Webscraping Real Estate Market Data

9 minute read

Using BeautifulSoup and Python to scrape real estate data from the web

At the beginning of every data science project the central question is: where do we get the data from? As is the case for many projects, the web provides us with tons of data which can be used- if one knows how to obtain it. This first post of our Real Estate Data Science Project series shows how to web scrape using the example of the Spanish real estate market.

This article proceeds as follows:

  1. Finding the right scraping strategy for the project
  2. Inspecting the HTML code and initial steps
  3. Scraping properties from each province
  4. Problems caused by website irregularities
  5. Conclusion

01 Finding the right scraping strategy for the project

Web scraping can be tiresome. That is because web scraping truly depends on how clean the html code underlying the website is. Every time there is an irregularity, the scraping will run into problems, resulting in the need to run the entire process again. Later in this blogpost several of these irregularities will be shown with their respective workarounds. Pragmatic solutions are critical. Web scrapping is truly the “dirty work” of data science. On the plus side, having this ability to create data out of nothing is essential and the basis for many data science projects. It also opens up a wealth of project options that otherwise would not be available if one had to rely solely on published data.

Given the oftentimes frustrating nature of web scraping, it is essential to automate as many steps in the scraping process as possible. As an example: the Real Estate observations which are scraped for this project are divided into different areas in Spain. That means in order to find and group every property for each area it is first necessary to find all the URLs associated with that individual area. This strategy of finding the hierarchical nature of the data on the website is visualized below. Here, two explanatory provinces from the website are shown, namely Alicante and Murcia. Clicking on these pictures on the website then leads to the available properties in each of those regions. The graphic below shows two properties for each.

The strategy of the scraping then starts with first finding all the links to each province and second to scrape all the relevant property information for each region. With this plan and understanding of the website structure in mind, we can proceed to looking at the website’s underlying HTML code.

02 Inspecting the HTML code and initial steps

Opening the underlying HTML code of a website (Crtl+Shift+I) for the first time might be a scary experience. It is truly overwhelming how much information is stored behind the façade of a pretty looking website. The good news is that most of this information is not relevant- it’s all about finding the right point where to start. Our strategy outlined above tells us that the first thing we should find are the links to all provinces. Starting on the home page of the website, the first thing we do is to right click on (for example) the picture of “Alicante Province”.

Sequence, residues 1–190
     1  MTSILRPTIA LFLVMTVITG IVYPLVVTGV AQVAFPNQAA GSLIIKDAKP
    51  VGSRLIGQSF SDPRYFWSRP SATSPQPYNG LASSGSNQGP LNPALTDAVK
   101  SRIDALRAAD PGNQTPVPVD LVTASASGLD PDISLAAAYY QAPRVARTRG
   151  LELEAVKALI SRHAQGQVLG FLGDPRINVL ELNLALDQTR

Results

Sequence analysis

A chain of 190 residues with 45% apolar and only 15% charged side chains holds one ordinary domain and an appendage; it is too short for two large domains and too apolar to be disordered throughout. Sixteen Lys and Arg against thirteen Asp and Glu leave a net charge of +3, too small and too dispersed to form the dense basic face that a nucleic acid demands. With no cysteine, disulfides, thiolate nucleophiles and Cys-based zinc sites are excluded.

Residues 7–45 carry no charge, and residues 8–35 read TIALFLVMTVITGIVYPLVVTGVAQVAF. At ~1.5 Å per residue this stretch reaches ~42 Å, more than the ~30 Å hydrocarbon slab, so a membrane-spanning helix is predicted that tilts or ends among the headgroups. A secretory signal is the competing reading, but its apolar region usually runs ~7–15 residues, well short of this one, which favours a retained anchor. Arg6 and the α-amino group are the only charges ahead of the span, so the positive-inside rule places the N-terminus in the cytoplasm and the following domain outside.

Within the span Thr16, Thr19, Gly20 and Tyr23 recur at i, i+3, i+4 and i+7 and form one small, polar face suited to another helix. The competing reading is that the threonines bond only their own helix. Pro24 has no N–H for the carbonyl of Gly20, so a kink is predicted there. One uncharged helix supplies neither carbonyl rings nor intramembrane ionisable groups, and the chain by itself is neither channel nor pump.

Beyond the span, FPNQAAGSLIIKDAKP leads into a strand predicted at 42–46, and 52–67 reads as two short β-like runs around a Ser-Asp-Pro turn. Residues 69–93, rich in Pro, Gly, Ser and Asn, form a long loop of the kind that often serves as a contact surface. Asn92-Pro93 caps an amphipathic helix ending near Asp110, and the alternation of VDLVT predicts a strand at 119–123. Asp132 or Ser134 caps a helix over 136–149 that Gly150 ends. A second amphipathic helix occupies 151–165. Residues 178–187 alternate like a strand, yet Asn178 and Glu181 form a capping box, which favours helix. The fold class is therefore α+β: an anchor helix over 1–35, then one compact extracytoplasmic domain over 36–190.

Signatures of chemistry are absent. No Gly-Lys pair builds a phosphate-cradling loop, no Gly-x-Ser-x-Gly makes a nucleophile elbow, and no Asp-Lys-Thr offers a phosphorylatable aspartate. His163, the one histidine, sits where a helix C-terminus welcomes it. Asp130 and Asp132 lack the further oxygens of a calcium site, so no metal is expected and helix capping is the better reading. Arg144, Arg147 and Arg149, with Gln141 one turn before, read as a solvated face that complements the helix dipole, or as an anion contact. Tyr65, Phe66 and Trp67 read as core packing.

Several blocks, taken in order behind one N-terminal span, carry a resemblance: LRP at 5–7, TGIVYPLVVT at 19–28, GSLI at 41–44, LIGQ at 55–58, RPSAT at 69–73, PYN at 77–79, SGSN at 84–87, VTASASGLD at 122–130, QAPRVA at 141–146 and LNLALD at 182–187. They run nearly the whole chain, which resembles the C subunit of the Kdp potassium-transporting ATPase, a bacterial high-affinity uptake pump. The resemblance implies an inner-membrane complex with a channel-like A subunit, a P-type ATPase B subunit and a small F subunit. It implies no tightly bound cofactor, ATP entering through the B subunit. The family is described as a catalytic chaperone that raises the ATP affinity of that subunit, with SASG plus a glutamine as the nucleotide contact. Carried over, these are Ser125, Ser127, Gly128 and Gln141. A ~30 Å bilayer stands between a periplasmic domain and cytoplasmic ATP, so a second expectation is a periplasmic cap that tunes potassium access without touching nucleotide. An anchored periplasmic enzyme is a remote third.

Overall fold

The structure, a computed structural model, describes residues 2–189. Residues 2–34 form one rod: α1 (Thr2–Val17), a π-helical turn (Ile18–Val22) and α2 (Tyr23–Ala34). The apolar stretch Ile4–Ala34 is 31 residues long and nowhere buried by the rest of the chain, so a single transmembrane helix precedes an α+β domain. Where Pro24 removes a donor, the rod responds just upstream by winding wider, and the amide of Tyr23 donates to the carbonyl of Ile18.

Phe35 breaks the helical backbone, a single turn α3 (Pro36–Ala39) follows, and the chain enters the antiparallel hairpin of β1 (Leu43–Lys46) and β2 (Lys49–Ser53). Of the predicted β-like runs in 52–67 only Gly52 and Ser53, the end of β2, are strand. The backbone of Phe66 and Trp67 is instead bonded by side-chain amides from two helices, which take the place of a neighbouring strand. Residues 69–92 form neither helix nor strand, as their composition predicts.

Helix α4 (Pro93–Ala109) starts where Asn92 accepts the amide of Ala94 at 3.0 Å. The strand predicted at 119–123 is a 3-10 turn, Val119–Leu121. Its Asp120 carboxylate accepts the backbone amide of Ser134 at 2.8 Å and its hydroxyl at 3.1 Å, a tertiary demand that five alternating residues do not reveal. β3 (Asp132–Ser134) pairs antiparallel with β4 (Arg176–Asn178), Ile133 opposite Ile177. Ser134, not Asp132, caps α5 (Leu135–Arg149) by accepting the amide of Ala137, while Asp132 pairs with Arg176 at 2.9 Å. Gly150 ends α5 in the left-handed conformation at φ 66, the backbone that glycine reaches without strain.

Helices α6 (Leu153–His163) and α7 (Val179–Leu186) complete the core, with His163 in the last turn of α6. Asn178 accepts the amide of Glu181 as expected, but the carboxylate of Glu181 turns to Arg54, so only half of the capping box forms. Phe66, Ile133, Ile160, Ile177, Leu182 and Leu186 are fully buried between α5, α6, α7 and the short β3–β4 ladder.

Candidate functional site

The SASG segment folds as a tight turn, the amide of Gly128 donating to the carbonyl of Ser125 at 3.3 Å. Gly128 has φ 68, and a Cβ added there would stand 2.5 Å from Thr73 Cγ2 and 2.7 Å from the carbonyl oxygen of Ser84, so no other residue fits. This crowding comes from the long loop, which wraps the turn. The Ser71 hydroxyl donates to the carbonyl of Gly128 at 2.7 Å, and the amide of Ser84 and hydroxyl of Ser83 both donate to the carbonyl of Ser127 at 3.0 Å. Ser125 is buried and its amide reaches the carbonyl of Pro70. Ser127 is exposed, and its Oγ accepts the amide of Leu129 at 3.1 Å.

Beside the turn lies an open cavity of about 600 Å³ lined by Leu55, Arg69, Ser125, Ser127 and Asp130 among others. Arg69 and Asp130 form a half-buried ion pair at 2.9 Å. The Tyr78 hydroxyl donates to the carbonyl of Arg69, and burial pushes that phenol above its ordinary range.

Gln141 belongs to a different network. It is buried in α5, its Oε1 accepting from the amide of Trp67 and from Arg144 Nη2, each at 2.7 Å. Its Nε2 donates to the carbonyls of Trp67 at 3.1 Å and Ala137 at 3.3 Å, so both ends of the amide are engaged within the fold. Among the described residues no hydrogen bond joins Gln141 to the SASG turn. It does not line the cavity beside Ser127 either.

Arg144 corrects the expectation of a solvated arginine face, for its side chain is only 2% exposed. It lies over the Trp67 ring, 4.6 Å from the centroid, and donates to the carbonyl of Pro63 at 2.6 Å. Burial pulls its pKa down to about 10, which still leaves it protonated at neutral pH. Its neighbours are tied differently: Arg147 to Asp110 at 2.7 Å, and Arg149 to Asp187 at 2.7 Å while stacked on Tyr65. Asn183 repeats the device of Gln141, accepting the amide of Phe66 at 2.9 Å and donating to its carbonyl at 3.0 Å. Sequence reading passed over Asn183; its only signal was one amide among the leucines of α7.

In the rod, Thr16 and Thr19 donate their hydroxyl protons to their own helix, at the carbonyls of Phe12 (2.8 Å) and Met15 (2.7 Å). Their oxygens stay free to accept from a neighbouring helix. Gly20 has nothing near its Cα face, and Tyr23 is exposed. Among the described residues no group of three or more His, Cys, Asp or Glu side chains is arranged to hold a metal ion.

What is seen on the right side is the HTML code of the site. When we right clicked on the picture of Alicante, the HTML code of this picture gets highlighted in blue. We suspect that the link of the estate of Alicante are not too far from where the picture is embedded. Let us take a closer look at the HTML code:

As in the picture before that, we can see the highlighted (in grey this time) HTML code of where the picture is embedded. Also visible right above we find the URL of the properties for Alicante province. This information now has to be extracted. We want to repeat this process for all provinces on this website. To do so, it is important to see how the link is stored within the HTML code. Namely, it says:

<a class=”location-tile__link” href=”https://www.XXXX.com/en/alicante-province-property-for-sale-0l3”>

# Packages needed for scraping and extracting
import requests
from bs4 import BeautifulSoup
import re
# The website link
url = "https://www.XXXX.com/"
# Making the request look like a normal browser
headers = {'User-Agent': 'Mozilla/5.0 (Windows NT 6.1; WOW64) AppleWebKit/537.36 (KHTML, like Gecko) Chrome/56.0.2924.76 Safari/537.36'} 
# Requesting the sites content
page = requests.get(url,headers=headers)
soup = BeautifulSoup(page.content, "html.parser")
# Getting the relevant links
links_html = soup.find_all('a', class_='locations-list__link')
# Turning the soup into a list of strings
links_v1 = [str(x) for x in links_html]
# Extracting the relevant links for all regions
pattern = 'href="(.*)">'    
links_v2 = [re.search(pattern, x).group(1) for x in links_v1]

What is happening here is that HTML of the URL specified is requested and saved. The header command disguises our request to make it look like a normal browser request of the website. Then the entirety of the HTML code is saved in the soup variable. Now the relevant part of how the links are stored within the HTML code kicks in. The first argument of the find_all command takes the tag name. The tag name is the first letter in the HTML code before the start of the object class. For this class, it is the letter a in the beginning of the code. The second part specifies what kind of class we are looking for here. This information was also already available to us within the HTML snippet. Afterwards we change the format into a string for easier usage later. Finally, we remove problematic substrings like “href=” in order to obtain the raw links. The output of that code looks like this: